Kingsnorth Power Station

A week or so ago Medway Council demonstrated it’s complete lack of balls and vision by giving the nod to the construction of the first coal fired power station to be built in England for 34 years. It will replace the one that is already there as seen in the picture below –

Kingsnorth Power Station

The councils decision is not the one that gives the final say so to the power stations owners e.on to build or not, that is down to central government. Even if Medway Council had not agreed there is every chance that permission will be granted anyway. It was though a missed opportunity for the Council to demonstrate some awareness of and commitment to measures to reduce our carbon footprint on the planet. If the new power station is built it really will be quite a landmark in terms of decision making related to ameliorating climate change. If by some miracle the government listens to the science and decides not to give permission Medway Council are going to look very stupid indeed.

Greenpeace are of course on the case. They say the new power station will “emit as much carbon dioxide as the 30 least polluting nations in the world combined”. A leading climate scientist has called it “a tipping point for the world”.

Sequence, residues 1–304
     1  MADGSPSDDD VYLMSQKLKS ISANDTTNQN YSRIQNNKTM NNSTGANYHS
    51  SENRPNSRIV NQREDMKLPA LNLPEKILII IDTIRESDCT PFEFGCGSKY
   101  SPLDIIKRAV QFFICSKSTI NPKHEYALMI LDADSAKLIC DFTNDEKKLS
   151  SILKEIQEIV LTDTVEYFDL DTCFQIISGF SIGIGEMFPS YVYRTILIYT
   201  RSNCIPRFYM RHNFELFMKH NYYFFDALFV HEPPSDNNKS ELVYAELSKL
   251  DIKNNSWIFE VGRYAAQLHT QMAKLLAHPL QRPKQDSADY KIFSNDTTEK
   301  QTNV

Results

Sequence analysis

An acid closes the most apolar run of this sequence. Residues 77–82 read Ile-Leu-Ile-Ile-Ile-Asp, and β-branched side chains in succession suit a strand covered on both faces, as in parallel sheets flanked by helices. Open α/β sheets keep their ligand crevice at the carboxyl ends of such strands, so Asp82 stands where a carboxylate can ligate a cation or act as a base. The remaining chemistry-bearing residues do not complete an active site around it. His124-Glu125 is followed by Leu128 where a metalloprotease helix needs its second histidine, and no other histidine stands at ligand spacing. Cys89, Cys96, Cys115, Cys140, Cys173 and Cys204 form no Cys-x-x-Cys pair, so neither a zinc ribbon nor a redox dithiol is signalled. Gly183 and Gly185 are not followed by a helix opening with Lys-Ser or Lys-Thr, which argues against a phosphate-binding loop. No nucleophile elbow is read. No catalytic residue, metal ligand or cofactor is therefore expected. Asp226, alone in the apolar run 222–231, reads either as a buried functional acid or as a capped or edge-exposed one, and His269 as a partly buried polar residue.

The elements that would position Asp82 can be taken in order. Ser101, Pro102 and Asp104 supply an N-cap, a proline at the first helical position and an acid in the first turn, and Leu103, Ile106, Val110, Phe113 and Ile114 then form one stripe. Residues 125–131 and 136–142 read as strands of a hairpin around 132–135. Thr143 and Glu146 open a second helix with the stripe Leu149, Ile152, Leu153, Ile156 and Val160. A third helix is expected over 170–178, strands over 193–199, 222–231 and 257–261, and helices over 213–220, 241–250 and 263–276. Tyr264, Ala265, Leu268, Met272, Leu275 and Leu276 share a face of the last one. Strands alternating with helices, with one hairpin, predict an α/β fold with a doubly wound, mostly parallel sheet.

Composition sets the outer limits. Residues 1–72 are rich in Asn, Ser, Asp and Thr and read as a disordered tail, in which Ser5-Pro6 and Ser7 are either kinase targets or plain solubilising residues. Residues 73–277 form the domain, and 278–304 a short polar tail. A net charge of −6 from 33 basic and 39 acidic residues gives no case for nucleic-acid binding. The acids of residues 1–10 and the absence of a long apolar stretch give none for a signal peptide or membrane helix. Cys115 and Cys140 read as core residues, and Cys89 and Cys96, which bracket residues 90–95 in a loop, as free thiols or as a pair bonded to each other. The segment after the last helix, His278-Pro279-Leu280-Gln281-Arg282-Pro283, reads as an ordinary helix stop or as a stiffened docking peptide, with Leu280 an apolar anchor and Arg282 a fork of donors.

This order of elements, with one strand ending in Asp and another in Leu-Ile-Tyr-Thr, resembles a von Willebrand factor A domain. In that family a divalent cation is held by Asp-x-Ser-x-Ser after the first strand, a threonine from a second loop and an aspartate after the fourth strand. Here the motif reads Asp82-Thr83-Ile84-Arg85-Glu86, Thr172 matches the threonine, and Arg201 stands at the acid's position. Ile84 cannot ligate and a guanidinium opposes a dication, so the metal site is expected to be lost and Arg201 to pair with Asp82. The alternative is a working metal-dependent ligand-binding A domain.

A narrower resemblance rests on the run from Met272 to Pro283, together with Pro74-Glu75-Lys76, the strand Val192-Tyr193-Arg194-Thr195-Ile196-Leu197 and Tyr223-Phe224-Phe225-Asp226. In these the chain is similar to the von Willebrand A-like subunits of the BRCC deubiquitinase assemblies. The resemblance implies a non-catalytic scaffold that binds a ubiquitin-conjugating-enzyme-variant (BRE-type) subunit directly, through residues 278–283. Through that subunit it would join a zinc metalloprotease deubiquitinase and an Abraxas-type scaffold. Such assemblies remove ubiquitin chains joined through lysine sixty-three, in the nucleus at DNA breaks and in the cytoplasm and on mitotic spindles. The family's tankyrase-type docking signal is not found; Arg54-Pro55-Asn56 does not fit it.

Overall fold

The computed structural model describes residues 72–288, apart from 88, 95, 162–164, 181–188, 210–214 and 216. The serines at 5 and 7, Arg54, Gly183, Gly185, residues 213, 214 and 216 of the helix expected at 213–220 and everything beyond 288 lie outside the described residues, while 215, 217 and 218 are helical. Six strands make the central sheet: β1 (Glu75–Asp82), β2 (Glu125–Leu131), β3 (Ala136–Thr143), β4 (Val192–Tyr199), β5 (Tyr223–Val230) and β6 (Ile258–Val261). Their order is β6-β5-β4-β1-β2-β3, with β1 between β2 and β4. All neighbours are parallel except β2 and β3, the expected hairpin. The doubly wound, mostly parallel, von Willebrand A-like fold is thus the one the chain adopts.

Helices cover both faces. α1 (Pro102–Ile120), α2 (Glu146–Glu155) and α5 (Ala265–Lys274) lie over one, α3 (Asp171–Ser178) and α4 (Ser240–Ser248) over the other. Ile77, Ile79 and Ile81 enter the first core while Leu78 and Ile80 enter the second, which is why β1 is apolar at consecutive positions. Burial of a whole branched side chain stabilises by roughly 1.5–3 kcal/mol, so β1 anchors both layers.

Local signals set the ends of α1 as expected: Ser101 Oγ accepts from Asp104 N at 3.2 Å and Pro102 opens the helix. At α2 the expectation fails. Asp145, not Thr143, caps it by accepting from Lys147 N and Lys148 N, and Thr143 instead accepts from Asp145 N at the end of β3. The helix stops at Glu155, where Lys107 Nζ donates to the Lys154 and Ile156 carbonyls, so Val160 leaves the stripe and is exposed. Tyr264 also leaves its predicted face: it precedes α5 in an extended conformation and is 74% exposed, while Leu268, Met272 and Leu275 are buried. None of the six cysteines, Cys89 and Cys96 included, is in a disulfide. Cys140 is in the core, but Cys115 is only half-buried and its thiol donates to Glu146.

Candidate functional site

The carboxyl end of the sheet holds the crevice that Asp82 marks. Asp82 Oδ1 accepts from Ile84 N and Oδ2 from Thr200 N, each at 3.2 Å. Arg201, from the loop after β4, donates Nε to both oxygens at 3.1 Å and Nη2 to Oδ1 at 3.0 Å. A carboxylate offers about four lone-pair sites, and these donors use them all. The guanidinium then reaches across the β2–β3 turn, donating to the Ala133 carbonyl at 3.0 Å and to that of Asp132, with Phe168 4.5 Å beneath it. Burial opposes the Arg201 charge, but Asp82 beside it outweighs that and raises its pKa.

The recent increase in consumer energy prices and our dependence on gas imports won’t do much to gain support for the opposition of the new build. The notion of opening up British coal mines to feed this beast is also bound to be aired. These issues may well generate popular support for the power station but in my view illustrate short term thinking and local gain to the detriment of long term consequences and the greater good.

I won’t argue that new energy sources are not needed and that a cleaner power station than the one that’s already there can’t be too much of a bad thing however there is more than one way to skin a cat. Nuclear energy is also not the only (un)viable alternative. Aside from us all using less energy which seems unlikely unless we are forced to do so there are some other measures which could be pursued.

2 Comments

  1. It’s a bloody minefield. I remember when environmental politics was straightforward. Now, there’s so much obfuscation from big business and government, I don’t know what to think.

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